Mighty Blog

Helping Hudson: from rare diagnosis to life-changing brain surgery

At 1.5 years old, Hudson loved playing around his house and would take a tumble from time to time, just like other kids. But, one day, Hudson took a tumble and hit his head on a coffee table. Little did his family know, this fall would change their lives forever.

The fall that led them to Children’s Minnesota

After Hudson hit his head on the coffee table, his head started to swell and the center of the bump was spongey and soft, known as boggy. His parents, Melissa and Jeff Kroll, immediately brought him to Children’s Minnesota’s emergency department where a head CT scan was taken.

Hudson after his fall

Hudson’s care team recommended a stay overnight as they had found a brain bleed. But, that’s not all. The care team also found a large mass in Hudson’s brain that would need further testing to figure out what it was.

After receiving the results, Dr. Meysam Kebriaei, pediatric neurosurgeon at Children’s Minnesota, told the Krolls that he found two things. Hudson had something called Chiari 1 malformation, which means part of his brain pushed through the natural hole in the bottom of the skull. And they were told Hudson had a rare genetic disease called tuberous sclerosis complex, or TSC.

Living with TSC

TSC causes benign, noncancerous tumors, also called tubers, to grow in vital organs and is not curable. While not cancerous, it can cause seizures, developmental delays, and problems for the kidney, heart, lungs, eyes and skin. That day, they found a tuber in Hudson’s brain.

On March 20, 2022, Hudson had his first seizure. Hudson’s care team – which included the kid experts at Children’s Minnesota’s Neurosurgery Program, and Dr. Douglas Smith from the Minnesota Epilepsy Group – wanted to get him started on seizure medication right away.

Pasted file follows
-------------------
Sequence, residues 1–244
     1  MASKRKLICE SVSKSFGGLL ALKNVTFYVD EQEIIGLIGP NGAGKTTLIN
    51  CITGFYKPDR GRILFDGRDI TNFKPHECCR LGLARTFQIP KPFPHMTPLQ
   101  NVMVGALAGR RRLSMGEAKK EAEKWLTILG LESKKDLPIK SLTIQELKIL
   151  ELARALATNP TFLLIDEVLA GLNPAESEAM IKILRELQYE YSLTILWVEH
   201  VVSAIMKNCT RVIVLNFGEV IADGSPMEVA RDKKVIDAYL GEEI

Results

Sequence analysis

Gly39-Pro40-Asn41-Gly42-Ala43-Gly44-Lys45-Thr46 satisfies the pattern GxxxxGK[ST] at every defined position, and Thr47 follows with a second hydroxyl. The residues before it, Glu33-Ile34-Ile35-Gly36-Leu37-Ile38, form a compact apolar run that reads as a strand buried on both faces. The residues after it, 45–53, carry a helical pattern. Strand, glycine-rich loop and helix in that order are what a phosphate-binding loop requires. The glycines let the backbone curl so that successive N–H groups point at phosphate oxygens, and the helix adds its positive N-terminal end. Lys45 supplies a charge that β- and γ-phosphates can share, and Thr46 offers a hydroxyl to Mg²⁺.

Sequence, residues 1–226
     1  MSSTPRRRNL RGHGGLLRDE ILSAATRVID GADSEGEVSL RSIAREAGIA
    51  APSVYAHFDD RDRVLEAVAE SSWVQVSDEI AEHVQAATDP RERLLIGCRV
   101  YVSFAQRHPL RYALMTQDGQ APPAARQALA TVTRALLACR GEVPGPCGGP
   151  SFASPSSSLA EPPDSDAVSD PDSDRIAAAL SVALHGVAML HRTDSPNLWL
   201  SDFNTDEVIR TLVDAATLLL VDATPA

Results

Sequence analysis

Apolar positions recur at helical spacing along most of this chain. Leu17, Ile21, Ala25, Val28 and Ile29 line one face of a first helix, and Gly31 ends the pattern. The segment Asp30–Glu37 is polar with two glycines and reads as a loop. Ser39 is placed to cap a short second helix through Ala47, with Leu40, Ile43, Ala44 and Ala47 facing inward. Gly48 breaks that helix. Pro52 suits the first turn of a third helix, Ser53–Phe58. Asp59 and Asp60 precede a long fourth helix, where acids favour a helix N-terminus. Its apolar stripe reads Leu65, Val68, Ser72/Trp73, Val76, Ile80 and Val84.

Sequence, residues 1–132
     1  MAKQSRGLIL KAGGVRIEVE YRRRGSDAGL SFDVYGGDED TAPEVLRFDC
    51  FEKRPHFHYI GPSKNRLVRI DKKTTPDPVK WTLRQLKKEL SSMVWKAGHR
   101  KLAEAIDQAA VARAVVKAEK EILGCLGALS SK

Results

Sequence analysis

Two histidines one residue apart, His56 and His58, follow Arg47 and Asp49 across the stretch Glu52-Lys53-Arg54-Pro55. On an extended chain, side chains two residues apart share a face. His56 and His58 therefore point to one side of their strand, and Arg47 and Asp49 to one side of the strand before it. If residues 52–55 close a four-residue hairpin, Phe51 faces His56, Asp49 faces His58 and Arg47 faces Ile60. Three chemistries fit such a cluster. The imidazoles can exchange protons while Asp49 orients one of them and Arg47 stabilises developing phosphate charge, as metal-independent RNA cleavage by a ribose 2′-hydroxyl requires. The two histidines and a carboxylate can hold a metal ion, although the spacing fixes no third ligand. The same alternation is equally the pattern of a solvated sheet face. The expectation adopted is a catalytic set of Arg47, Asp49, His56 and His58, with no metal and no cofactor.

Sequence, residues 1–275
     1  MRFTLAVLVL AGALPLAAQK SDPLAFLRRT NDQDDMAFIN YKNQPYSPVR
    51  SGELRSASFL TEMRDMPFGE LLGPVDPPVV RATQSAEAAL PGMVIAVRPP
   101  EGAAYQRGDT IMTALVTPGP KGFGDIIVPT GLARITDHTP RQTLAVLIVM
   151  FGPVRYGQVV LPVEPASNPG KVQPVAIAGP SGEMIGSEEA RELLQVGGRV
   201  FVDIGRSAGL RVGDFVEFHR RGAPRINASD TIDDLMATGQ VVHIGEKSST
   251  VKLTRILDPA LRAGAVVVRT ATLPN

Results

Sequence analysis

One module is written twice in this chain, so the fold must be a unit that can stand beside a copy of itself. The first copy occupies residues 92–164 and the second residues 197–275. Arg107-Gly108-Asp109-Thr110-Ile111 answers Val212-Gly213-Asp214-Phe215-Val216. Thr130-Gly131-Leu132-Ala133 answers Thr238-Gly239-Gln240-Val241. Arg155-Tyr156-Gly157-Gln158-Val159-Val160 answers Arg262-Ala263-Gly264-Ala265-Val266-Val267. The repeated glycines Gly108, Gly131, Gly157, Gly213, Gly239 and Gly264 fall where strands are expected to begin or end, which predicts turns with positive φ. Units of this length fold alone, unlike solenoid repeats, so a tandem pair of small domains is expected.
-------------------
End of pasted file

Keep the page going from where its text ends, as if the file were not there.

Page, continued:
Together, Children’s Minnesota and Minnesota Epilepsy Group are designated a Level 4 epilepsy center, which means it offers the highest level of diagnosis and treatment options for children with epilepsy. The facility is also one of the largest pediatric epilepsy centers in the country. Minnesota Epilepsy Group is a recognized TSC Center of Excellence – the only one in the state of Minnesota. Hudson was in the ideal place to receive world-class expertise in treating TSC and his seizures.

It was a long road to find the right medicine that helped reduce Hudson’s seizures that also had the fewest side effects. Melissa and Jeff tried three different medications and it just wasn’t working.

Hudson in the hospital after surgery

Hudson underwent a series of specialized MRIs to better study where his seizures were coming from. After a thorough discussion, his epilepsy team recommended surgical removal of his tuber. The epilepsy team felt this would give him a high probability of being seizure free. The Krolls had a big decision to make, and after much discussion they wanted to try and remove the tuber in Hudson’s brain causing his seizures. “We met with Dr. Kebriaei and he eased our fears,” Melissa described. “Especially, when he said there is a high percent chance Hudson could be seizure-free.”

Hudson’s brain surgery

On Sept. 16, 2022, Hudson had open brain surgery to remove the tuber. The surgery, called an open resection craniotomy, was successful! The day after the surgery Melissa and Jeff noticed a change in Hudson right away. “Hudson was pointing at me and saying ‘mama,” Melissa said. “A word he used to say but then stopped saying when his brain was active with seizures.”

Hudson is now seizure-free and seeing the world differently. “It’s like he is coming out of this fog he was in when his brain was constantly trying to go into a seizure or recover from a seizure,” said Melissa. “Which made learning and development impossible.”

But Hudson’s parents were dedicated to getting him back to being a regular kid. “My goal as a parent was to be the best advocate for him in such a critical time of his life,” Melissa said. “To help get him back on track to being a normal 2-year-old kid.”

Hudson gets back to being a kid

Today, Hudson is an energetic 2-year-old. “After surgery, we’re seeing huge improvements,” Melissa said. To catch him up on his development, Hudson has physical therapy, speech therapy and occupational therapy with a different health care system three days a week.

“Hudson has gone through more in the past year than most people do in a lifetime,” said Melissa. So, now he’s focused on getting back to being a kid. He loves to play with his toy cars and interact with his little sister, Harper. The Kroll family is excited to continue their active lifestyle traveling to different states watching Jeff run marathons and spending time with family.

Hudson with his mom and doctor

Hudson’s story on KSTP

Watch and read Hudson’s story on KSTP.

Alexandra Rothstein